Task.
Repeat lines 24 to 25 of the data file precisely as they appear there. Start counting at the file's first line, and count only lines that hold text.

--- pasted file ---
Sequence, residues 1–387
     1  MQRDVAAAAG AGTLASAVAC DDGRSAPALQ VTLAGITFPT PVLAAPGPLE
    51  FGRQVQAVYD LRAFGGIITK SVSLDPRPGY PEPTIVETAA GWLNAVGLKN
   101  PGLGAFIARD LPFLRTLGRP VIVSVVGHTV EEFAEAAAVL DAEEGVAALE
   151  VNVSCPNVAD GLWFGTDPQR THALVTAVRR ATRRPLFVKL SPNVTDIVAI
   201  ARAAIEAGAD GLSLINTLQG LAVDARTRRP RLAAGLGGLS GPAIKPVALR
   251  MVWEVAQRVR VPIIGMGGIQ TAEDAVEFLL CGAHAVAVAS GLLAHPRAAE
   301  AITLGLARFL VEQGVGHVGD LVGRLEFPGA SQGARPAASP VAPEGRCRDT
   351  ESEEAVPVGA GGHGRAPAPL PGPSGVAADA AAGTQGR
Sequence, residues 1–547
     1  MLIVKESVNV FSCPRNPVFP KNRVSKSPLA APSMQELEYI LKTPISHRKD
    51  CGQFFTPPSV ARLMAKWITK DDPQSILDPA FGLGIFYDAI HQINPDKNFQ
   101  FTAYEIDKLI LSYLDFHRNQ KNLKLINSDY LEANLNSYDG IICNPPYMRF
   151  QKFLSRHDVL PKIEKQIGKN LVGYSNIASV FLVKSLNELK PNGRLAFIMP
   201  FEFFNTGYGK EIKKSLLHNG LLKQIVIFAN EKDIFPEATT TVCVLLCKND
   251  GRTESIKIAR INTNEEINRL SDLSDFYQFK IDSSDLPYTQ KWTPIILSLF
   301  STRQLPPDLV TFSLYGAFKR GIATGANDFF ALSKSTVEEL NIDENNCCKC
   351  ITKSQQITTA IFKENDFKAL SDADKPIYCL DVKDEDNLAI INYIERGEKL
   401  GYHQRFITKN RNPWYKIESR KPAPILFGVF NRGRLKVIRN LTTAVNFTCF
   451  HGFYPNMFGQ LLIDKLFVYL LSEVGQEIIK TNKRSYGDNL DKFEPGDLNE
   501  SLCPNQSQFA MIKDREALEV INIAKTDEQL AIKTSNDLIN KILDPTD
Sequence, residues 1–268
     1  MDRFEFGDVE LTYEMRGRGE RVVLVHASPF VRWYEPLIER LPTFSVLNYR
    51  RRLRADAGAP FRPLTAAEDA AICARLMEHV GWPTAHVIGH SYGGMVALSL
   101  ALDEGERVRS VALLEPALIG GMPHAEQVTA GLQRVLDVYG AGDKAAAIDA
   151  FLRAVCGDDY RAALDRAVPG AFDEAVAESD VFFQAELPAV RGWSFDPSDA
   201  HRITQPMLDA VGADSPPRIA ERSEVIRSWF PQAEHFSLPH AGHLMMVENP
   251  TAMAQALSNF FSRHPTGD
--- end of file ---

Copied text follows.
    51  RRLRADAGAP FRPLTAAEDA AICARLMEHV GWPTAHVIGH SYGGMVALSL
   101  ALDEGERVRS VALLEPALIG GMPHAEQVTA GLQRVLDVYG AGDKAAAIDA